Home Virginia Politics Could McDonnell’s ABC loss be Virginia’s JOBS gain?

Could McDonnell’s ABC loss be Virginia’s JOBS gain?


by Paul Goldman

In Godfather 1, Don Corleone redeems a favor from a friendly undertaker in order to make his son’s body suitable for an open casket funeral. Unless reality undergoes a reinvention, Governor McDonnell will need to do the same in preparation for the public burial of his ABC privatization plan, which is dead, and unlike the plane crash victims in the TV series “The Event”, can’t be brought back to life even by ET’s. But should Virginia Democrats want to attend a funeral on a minor issue or would the Commonwealth better benefit by the party seizing this opportunity to see if McDonnell’s troubles might offer an opening on the far larger and more important issue of the state’s transportation network?

My answer: Take a chance, and see if McDonnell will do the right thing even if this allows him to get off the hook on one of the biggest mistakes in modern times by a Virginia Governor. Truth is, the states of the Union who have the best transportation network, so that goods that need to be moved can be moved either by air, water, rail, road, will do the best on the economic front. When they can move trucks over an IPhone application, then all bets are off: but for now, the best transportation grid as we know it triumphs, even Steve Jobs can’t beat that.

And Jobs is the right metaphor: Because in the end, it is all about jobs, as in employment, as in economic activity. The service economy continues to grow as does health care: but without the best transportation grid, you can’t be the best state for job creation in the foreseeable future.

So in the end, transportation equals Jobs, indeed for now it trumps even Stevie.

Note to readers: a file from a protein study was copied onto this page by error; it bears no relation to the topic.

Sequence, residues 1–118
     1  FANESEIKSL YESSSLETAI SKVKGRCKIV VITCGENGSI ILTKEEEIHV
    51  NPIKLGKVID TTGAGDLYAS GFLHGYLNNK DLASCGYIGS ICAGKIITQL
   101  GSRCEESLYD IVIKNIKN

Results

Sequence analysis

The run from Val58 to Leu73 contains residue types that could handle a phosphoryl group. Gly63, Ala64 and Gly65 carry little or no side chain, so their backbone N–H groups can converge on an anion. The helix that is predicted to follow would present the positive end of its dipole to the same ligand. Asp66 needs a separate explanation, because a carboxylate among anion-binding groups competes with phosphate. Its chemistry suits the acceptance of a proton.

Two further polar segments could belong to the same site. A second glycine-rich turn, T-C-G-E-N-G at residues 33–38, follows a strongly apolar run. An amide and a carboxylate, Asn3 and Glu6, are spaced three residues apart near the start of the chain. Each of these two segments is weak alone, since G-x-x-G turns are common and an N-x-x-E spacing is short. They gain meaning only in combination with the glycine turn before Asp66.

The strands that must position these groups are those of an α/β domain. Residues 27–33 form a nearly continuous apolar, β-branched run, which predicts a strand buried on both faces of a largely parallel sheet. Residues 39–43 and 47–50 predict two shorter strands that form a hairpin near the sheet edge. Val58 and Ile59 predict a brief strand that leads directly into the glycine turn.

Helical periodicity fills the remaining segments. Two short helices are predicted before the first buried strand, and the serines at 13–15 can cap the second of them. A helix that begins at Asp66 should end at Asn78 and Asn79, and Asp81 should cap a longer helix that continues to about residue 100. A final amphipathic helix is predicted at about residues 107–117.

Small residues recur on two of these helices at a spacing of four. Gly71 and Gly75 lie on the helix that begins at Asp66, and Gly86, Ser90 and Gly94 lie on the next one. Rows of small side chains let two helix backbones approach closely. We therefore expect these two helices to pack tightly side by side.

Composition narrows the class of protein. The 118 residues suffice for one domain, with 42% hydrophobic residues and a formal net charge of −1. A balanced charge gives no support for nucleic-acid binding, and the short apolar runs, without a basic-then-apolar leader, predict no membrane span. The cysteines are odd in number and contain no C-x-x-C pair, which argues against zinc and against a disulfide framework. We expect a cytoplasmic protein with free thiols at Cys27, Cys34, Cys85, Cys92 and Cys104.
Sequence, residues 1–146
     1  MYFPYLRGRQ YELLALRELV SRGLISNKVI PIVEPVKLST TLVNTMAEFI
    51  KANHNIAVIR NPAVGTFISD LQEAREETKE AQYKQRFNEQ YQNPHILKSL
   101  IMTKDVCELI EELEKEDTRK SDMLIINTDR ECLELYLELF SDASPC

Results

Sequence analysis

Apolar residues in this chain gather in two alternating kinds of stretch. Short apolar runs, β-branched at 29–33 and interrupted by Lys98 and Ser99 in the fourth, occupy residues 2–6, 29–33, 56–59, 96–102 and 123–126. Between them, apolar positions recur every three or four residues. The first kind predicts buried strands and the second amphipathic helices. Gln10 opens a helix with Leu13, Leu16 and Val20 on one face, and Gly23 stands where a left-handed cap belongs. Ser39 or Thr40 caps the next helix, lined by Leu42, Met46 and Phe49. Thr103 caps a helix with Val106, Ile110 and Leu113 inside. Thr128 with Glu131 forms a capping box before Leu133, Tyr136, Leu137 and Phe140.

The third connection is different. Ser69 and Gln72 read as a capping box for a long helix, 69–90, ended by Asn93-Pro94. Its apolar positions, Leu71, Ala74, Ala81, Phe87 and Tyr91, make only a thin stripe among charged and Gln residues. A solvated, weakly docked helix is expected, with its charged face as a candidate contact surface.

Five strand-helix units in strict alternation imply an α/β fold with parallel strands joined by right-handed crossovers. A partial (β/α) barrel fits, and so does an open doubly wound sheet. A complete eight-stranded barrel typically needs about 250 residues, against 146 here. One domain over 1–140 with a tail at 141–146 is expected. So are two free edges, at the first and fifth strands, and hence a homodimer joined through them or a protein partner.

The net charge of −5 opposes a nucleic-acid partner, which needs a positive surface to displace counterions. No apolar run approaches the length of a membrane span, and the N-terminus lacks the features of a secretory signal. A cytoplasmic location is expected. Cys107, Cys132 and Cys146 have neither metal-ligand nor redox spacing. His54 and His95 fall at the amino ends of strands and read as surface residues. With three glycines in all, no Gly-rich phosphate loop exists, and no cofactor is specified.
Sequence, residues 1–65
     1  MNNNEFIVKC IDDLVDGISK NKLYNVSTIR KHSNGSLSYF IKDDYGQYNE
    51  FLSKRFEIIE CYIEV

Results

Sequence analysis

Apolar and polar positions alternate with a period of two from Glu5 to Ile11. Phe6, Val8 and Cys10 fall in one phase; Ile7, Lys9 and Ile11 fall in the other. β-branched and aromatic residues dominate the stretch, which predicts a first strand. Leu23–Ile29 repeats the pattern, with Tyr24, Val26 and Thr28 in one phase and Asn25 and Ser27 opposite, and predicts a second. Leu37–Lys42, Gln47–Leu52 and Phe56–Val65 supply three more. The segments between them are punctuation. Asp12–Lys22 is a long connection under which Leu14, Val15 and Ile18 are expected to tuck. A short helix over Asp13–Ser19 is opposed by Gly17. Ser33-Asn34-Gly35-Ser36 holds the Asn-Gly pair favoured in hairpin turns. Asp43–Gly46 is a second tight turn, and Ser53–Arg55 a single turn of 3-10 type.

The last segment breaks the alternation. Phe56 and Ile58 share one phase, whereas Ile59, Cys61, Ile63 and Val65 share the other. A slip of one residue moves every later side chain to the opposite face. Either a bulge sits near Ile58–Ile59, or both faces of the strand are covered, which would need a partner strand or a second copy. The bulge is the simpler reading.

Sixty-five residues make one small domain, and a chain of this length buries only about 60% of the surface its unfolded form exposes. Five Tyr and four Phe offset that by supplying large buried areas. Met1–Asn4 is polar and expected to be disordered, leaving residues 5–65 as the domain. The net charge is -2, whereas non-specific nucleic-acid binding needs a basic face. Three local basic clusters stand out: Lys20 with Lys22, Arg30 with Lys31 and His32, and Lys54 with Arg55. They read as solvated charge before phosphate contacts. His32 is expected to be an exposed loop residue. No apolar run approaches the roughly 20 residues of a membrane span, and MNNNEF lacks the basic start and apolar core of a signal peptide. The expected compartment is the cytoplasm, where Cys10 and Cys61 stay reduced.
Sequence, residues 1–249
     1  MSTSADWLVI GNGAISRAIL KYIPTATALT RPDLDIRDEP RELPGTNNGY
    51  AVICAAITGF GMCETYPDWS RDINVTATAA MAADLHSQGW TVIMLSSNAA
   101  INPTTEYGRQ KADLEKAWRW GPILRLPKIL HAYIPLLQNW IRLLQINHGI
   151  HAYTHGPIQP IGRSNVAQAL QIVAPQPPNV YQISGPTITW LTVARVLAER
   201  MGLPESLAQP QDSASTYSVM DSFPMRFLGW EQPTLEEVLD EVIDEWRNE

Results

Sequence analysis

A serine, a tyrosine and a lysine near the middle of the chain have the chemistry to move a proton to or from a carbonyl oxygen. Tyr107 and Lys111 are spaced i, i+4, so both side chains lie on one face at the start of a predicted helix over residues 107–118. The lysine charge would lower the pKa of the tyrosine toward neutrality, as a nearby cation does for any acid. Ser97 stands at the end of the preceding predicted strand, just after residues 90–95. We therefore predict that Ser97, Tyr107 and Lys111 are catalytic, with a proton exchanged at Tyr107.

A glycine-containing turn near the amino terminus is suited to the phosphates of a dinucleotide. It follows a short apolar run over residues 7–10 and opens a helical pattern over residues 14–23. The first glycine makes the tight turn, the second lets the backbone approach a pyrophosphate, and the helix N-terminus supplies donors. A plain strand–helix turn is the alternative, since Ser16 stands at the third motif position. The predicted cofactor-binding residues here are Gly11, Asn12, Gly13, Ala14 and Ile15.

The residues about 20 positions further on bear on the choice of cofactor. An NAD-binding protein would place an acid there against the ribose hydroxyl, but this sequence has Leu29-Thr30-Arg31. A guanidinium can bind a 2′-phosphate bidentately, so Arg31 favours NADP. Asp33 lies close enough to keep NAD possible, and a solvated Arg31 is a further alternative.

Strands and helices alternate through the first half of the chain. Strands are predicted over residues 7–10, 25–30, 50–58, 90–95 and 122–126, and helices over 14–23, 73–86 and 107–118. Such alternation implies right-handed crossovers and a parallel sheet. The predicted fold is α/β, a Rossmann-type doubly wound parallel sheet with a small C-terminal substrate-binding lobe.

To be sure, His Excellency, Governor McD, has gone around the state for roughly a year now preaching his virtue on the ABC issue, attacking Democrats for not having any, and otherwise making grand promise after promise on the matter. Turns out, His Excellency was “all hat and now cowboy”. During the campaign, his ABC plan would be revenue neutral, raise upwards of $800 million, create thousands of jobs and be part of a transportation fix.

Except everything he promised wasn’t true. His plan busts the budget, might raise half what he promised for transportation if you still believe his figures, and if it creates many jobs at all, most will be retail clerks selling liquor at Wal Marts or a your local cash and carry whiskey store.

Truth is: If the laws against bait and switch applied to the McDonnell campaign promise, our Governor would be facing the biggest consumer fraud suit in state history, assuming Attorney General Cuccinelli could stop campaigning in Iowa and New Hampshire long enough to protect the public interest.

Bottom line: McDonnell’s false attacks and phony promises have put him in this situation, and he has no right to expect Democrats to come to his rescue. But this misses a potential opportunity. One of the ironic laws of politics is rooted in the equation that the worse a Governor does, it might make it more likely that he is willing to do a better thing.

Democratic Senate Majority Leader Dick Saslaw is correct in saying that there is no possible fix to our growing transportation mess without a new source of funds.   But like most Virginians, I believe increased user fees for transportation should be a last resort, not a way for government to avoid responsibility for mismanagement of the many billions in highway funding already being paid by citizens. Indeed, did not the Governor just claim to have found many hundreds of millions in transportation dollars either unspent or wasted by the Kaine Administration?

Some say this was pure political spin, and surely the numbers are somewhat confusing.

All of which points in this direction: It has been over a generation since a Governor appointed a bipartisan, super respected Commission of exceptionally talented individuals to review the state of transportation in our Commonwealth and come forward with an analysis, along with recommendation options, for the people to consider. Not political spin: but the facts, politically incorrect if need be.